Before Daniel Scharfenberg had even left New Orleans for his trip to France, a monsoon hit the city out of nowhere, flooding the area he was visiting, soaking everyone and everything. He joked that he got trench foot before ever leaving the country.
Earlier this year, Scharfenberg of Chanhassen, received a $5,600 scholarship to attend the National World War II Museum’s summer program in Normandy, France. The World War II museum is located in New Orleans, and offers the overseas summer program for students studying World War II.
Scharfenberg, a 2016 Chanhassen High School graduate, will be a senior at Bemidji State University this fall, a history major with an encyclopedic knowledge of all things World War II. He also had an internship at the Carver County Historical Society this summer.
Scharfenburg arrived in New Orleans on July 7 where he and the rest of the study group spent two days at the National World War II Museum. Once in France, they visited the beaches and battlefields of Normandy, through July 22. His study group consisted of 20 undergraduate college students ranging in age from 19-26 from across the U.S.
Walking the battlefields, the small villages where soldiers fought, and the cemeteries where Allied and Nazi dead are buried was sobering. It brought to life the WWII history that Scharfenberg has immersed himself in since childhood. And dispelled some myths.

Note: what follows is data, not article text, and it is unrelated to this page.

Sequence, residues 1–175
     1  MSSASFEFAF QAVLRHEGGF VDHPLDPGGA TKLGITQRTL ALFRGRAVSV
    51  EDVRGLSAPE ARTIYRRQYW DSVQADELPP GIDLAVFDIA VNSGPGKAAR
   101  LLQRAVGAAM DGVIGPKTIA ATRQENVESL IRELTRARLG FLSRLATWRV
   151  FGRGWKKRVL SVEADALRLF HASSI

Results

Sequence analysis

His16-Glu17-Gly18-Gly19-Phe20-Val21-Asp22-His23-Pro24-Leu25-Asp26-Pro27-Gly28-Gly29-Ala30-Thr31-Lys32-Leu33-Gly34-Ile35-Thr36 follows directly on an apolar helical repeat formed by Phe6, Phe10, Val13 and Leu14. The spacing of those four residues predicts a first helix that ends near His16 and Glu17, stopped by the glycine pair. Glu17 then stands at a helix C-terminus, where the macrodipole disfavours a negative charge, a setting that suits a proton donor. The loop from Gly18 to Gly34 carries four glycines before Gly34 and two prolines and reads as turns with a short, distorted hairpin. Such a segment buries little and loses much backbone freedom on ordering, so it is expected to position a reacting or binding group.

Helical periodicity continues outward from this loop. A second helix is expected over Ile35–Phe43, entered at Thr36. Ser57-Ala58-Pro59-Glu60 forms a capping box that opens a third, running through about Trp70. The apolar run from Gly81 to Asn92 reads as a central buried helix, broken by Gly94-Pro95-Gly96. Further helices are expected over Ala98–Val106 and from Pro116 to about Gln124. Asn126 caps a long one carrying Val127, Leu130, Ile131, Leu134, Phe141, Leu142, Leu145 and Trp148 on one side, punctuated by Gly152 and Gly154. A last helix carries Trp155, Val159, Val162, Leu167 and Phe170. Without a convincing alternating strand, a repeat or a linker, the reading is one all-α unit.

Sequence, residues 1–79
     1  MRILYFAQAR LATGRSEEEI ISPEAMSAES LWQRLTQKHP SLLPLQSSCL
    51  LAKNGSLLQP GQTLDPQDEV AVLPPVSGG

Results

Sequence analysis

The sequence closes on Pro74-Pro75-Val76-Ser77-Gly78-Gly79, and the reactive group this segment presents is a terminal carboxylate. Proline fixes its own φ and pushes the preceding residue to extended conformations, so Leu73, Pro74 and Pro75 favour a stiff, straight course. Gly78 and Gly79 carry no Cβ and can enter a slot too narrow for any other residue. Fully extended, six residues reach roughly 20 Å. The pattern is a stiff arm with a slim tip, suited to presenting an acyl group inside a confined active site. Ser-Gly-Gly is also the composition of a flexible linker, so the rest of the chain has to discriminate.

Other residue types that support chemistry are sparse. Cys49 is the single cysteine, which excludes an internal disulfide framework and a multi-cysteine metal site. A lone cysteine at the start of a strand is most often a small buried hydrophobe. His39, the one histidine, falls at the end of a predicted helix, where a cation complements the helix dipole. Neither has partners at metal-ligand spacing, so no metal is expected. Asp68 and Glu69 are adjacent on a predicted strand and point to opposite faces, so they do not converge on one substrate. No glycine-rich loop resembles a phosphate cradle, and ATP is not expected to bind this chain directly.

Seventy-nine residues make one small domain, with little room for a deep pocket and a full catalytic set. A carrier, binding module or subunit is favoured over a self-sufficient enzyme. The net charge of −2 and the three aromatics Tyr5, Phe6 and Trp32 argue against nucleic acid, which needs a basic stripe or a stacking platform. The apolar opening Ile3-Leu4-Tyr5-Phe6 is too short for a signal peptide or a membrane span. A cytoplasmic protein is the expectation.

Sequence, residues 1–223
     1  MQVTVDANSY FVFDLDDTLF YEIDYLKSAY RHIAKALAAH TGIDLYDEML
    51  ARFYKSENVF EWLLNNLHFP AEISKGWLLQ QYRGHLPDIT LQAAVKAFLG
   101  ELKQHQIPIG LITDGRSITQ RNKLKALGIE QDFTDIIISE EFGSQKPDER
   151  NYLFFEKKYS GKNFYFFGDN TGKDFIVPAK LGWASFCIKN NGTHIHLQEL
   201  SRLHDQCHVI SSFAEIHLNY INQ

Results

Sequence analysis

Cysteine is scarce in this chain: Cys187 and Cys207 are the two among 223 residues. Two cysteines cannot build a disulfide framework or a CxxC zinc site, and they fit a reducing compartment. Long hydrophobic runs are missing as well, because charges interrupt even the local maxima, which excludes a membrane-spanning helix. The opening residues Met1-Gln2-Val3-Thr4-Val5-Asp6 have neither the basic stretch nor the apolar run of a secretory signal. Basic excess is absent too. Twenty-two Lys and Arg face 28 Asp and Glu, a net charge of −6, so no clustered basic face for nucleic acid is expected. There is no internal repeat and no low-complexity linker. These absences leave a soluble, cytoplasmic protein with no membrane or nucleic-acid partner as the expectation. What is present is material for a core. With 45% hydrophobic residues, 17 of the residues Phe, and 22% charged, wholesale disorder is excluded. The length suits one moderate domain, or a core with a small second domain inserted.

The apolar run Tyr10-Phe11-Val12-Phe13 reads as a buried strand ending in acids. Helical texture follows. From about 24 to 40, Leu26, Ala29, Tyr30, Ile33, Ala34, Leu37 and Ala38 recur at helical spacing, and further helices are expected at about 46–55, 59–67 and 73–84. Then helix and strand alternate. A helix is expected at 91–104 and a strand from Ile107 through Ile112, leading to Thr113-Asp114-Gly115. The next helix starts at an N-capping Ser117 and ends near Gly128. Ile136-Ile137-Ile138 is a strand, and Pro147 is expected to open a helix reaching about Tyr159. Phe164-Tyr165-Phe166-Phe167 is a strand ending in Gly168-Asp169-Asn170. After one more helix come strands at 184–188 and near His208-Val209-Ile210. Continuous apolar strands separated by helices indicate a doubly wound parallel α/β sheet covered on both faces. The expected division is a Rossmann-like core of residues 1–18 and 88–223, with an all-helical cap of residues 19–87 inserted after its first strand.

"We have this Hollywood version of WWII that's accepted," Scharfenberg said, "that the majority of the Allies were Americans, the French and the British Commonwealth countries, fighting the German Nazis. But there were a lot of non-northern Europeans fighting on both sides. You didn't have to be a tall, blond Aryan looking soldier to fight for the Nazis.
Q: What was it like being with fellow WWII history students who share your passion?
A: Everyone had an interest but to varying degrees. Most of the people were really friendly and our tour guide is thinking of scheduling a mini-meetup down the road, and I know I'll keep in touch with about five from the group. I've read so many books about WWII and they appreciated the little details I would add about what we were seeing or visiting. It was kind of cool that people would say to me, "You're one of the most interesting people in this group."
Q: What made the biggest impression on you?
A: It was heartbreaking to read the engravings on some of the soldiers' headstones. An unknown American soldier's headstone said, "Here Rests in Honored Glory a Comrade in Arms Known But to God." I put a white rose on a Hennepin County soldier's grave. A Gordon M. Stoen, a private with the 120th infantry division who died June 7, 1944.
Q: Would you like to return?
A: I do, in particular eastern France. Normandy has become so commercialized. It's where everyone goes with all the museums, souvenir shops. Normandy has such a mystical significance, but no one remembers what happened in central and eastern France. I'd like to travel on my own, backpack, stay in hostels. My high school art teacher did that and it always inspired me.